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Here Be Dragons, страница 1

 

Here Be Dragons
 


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Here Be Dragons


  eventhorizonpg.com

  www.dragoncon.org

  CONTENTS

  CON JOB, Robert Asprin

  THEY STALK AMONG US, Janny Wurts

  BEST IN SHOW, Mike Resnick

  TRIAL RUN, Chelsea Quinn Yarbro

  THE FAN AND THE FURY, Michelle Poche

  RULES OF ENGAGEMENT, Susan Sizemore

  THE SIMULATOR, Karen DeWinter

  DRAGONCON: TRIALS AND TRIBULATIONS, Todd McCaffrey

  ARTIFACT, Teresa Patterson

  LOST IN THE CROWD, Selina Rosen

  HERO MATERIAL, Jean Marie Ward

  SIBLING RIVALRY, Bradley H. Sinor

  PAT THE MAGIC DRAGON, Jody Lynn Nye

  THE HOTEL room was American generic. Perhaps a bit larger and better decorated than most, but after all, this was the Hyatt in downtown Atlanta. Not so much better, though, as to justify the inflated room, room service, and drink prices the hotel charged. Especially at times like now when they were hosting a large convention.

  Max spent most of his time on the road, and often wondered exactly why it was that his fellow travelers, businessmen and vacationers, would be willing to pay such high prices for impersonal rooms, short pour drinks, and mediocre food. The only answer he had come up with was that the situation was pretty much the same all across the country, so people became blind to how much they were paying for how little. Either that or they were willing to pay premium prices just to get away from wherever it was they called home.

  Max knew exactly why he was willing to eat the expense. He was planning to make it all back, and then some, by the end of the long Labor Day weekend. He wasn’t a businessman or a vacationer. Max was a professional thief and scam artist.

  To be more exact, he was part of a team that toured the country, following the crowds and the money they brought to sports events, conventions, and festivals. While they had never worked a science fiction/fantasy media convention before, how different could it be? A crowd was a crowd, and the people that make up a crowd are notoriously careless with their money when away from home.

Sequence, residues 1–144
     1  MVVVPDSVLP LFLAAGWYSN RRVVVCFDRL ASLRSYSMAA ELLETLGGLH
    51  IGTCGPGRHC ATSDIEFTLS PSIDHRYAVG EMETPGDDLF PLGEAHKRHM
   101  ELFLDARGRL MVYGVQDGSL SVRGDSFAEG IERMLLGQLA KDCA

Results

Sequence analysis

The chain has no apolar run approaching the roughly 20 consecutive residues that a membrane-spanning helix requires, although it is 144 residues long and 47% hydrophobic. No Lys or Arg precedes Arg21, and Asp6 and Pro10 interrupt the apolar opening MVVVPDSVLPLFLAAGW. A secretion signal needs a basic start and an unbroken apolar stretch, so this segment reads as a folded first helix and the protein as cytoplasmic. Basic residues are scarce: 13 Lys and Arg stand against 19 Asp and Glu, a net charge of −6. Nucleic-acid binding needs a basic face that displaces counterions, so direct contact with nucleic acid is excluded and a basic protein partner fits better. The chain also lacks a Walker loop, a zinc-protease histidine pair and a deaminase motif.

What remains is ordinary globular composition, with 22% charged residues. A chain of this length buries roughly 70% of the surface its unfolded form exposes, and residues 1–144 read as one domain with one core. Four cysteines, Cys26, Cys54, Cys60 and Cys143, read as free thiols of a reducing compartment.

This DragonCon was supposed to draw somewhere between thirty and thirty-five thousand people. While they had worked bigger events before, they should be able to turn a tidy profit here.

  He started to reach for the phone, then changed his mind. It would be better to get in the habit of using the cell phones. While today’s computerized switchboards made it harder to listen in on conversations, there was no sense in getting careless. Reminding himself to keep his unit recharged, he flipped open his cell phone and cued up a number from his memory file.

  “HELLO?” came the shouted response.

  “Yeah, Doc. It’s me, Max. Pass the word around the team that I’ve got Briar Patch established. It’ll be room 912.”

  “WHAT ROOM?”

  “Nine twelve.”

  “FIVE TWELVE?”

  “Negative. That’s NINE twelve.”

  “NINE TWELVE. GOT IT.”

  “Where are you, anyway? It sounds noisy at your end.”

  “I’M IN THE PARASOL. THAT’S THE LOBBY BAR AT THE HYATT. IT’S KIND OF A MADHOUSE DOWN HERE.”

  “What are you doing there?”

  “JUST THOUGHT I’D SCOUT THE LAY OF THE LAND A LITTLE. YOU SHOULD SEE IT DOWN HERE.”

  “I thought the convention didn’t start until tomorrow.”

  “IT DOESN’T. A LOT OF THE ATTENDEES HAVE ROLLED IN EARLY. WHY DON’T YOU COME DOWN AND I’LL BUY YOU A DRINK.”

  “No thanks. I think I’ll turn in early so I’m rested tomorrow. Besides, I thought we agreed we shouldn’t be seen together too much.”

  “BELIEVE ME, MAX, NO ONE WOULD NOTICE.”

  “Yeah, well, don’t forget to get some sleep yourself. Oh, and while you’re down there, see if you can pick up a program schedule for me. Top priority.”

  Max stared at the phone for several moments after ending the call.

  Doc had sounded a bit strange, even for Doc. Of course, Doc had been the one to question this job when it was first proposed.

  “DragonCon?” he had said. “That’s one of the biggest multimedia cons in the country, if not the biggest.”

  “What? You’ve been to it before?” someone had asked.

  “No, but I’ve heard of it. It’s big.”

  “C’mon, Doc. We’ve worked Superbowls before. Weekend-long partying crowds are our bread and butter.”